- Few market signals are indicating that wheat or corn futures prices will break out of the sideways patterns in the near future.
- The market believes 2013 wheat production will not be sufficient to change the current wheat supply, demand, and price situations.
- Unless the drought is broken within the next six weeks, corn has more downside price risk than wheat.
Kansas City Board of Trade (KCBT) December wheat contract prices have been trading in a sideways price pattern between $8.69 and $9.57 since July 13 (Friday the 13th). Chicago Board of Trade (CBT) December corn contract prices have been in a sideways price pattern between $7.33 and $7.76 since September 28. Few market signals are indicating that wheat or corn futures prices will break out of the sideways patterns in the near future.
Also interesting to note is that the KCBT December 2013 wheat contract price is about 8 cents above the KCBT December 2012 wheat contract price. This implies that the market believes 2013 wheat production will not be sufficient to change the current wheat supply, demand, and price situations.
Corn is a different story. The CBT December 2013 corn contract price is about $1.10 less than the CBT December 2012 corn contract price. As has been reported over the last month, the market expects that 2013 corn production will be sufficient to build corn stocks.
Most market chatter affects distant prices and has little to do with current market prices. The chatter includes U.S. winter wheat and corn production area drought conditions, wheat production in Argentina and Australia, foreign wheat stocks and exports, and corn plantings in Argentina and Brazil.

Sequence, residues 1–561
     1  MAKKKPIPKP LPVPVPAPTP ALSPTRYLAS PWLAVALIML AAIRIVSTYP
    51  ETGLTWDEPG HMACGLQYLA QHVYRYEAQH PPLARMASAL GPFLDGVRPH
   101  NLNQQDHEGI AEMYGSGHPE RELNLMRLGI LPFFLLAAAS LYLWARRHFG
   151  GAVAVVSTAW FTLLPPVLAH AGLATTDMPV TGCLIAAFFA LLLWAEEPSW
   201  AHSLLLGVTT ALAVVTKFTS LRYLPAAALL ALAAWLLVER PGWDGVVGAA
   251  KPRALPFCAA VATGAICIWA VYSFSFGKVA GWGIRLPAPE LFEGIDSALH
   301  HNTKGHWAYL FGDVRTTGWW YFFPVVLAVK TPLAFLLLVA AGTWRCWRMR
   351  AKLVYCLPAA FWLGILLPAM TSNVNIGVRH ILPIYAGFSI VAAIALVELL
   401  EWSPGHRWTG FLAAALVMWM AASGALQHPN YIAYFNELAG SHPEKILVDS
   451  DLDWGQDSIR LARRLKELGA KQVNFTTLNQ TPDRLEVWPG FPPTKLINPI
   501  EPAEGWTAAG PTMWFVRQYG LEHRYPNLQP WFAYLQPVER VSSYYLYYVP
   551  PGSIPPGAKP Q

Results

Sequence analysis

About the only market factor that has the potential to affect nearby wheat prices is Argentina’s and/or Australia’s wheat production. Both of these harvests are in progress and will continue through December.
Once Argentina’s and Australia’s wheat harvests are complete, the next major exportable harvest is the 2013 U.S. winter wheat crop. India will harvest wheat in March and April, and a small portion of Indian wheat may be exported. However, India’s wheat exports should have little price impact.
U.S. planted winter wheat acres for the 2013 crop are expected to be higher than for the 2012 wheat crop. The major increase in acres is expected to be for soft red (SRW) winter wheat. A small increase in hard red winter (HRW) wheat planted acres may occur due to the drought and early harvested or abandoned summer crops.
The problem is about 60 percent of the winter wheat area is in extreme to exceptional (the highest two levels) drought. The 90-day temperature forecast is for above average temperatures over nearly all of the HRW wheat area. Normal temperatures are projected for the SRW wheat area.
Nearly all of the U.S. winter wheat area is projected to have average precipitation. To break the drought, well above average precipitation is required.
Given the drought and the forecast, the odds of an average HRW wheat crop are well below 50 percent and are, at best, 50/50 for SRW wheat.
Some market analysts are expecting 2013 corn planted acres to be more than 2012’s 96.9 million acres. Assuming an average yield of 165 bushels per acre, corn production would near 15 billion bushels, and 2013/14 marketing year ending stocks could be 1.6 billion bushels or higher.
The CBT December corn contract price is $7.51. CBT corn contract prices are expected to hold through July. The CBT May corn contract price is $7.49 and the July contract price is $7.40. Corn prices fall to $6.66 for the September 2013 corn contract and $6.09 for the December contract.
If the 2013 U.S. winter wheat crop is larger than expected, corn prices should support wheat prices until the August/September time period. If the 2013 U.S. winter wheat crop is well below average, wheat prices will not need corn price support.
Until a surprise happens in the markets, expect wheat and corn prices to aimlessly wallow around. Unless the drought is broken within the next six weeks, corn has more downside price risk than wheat.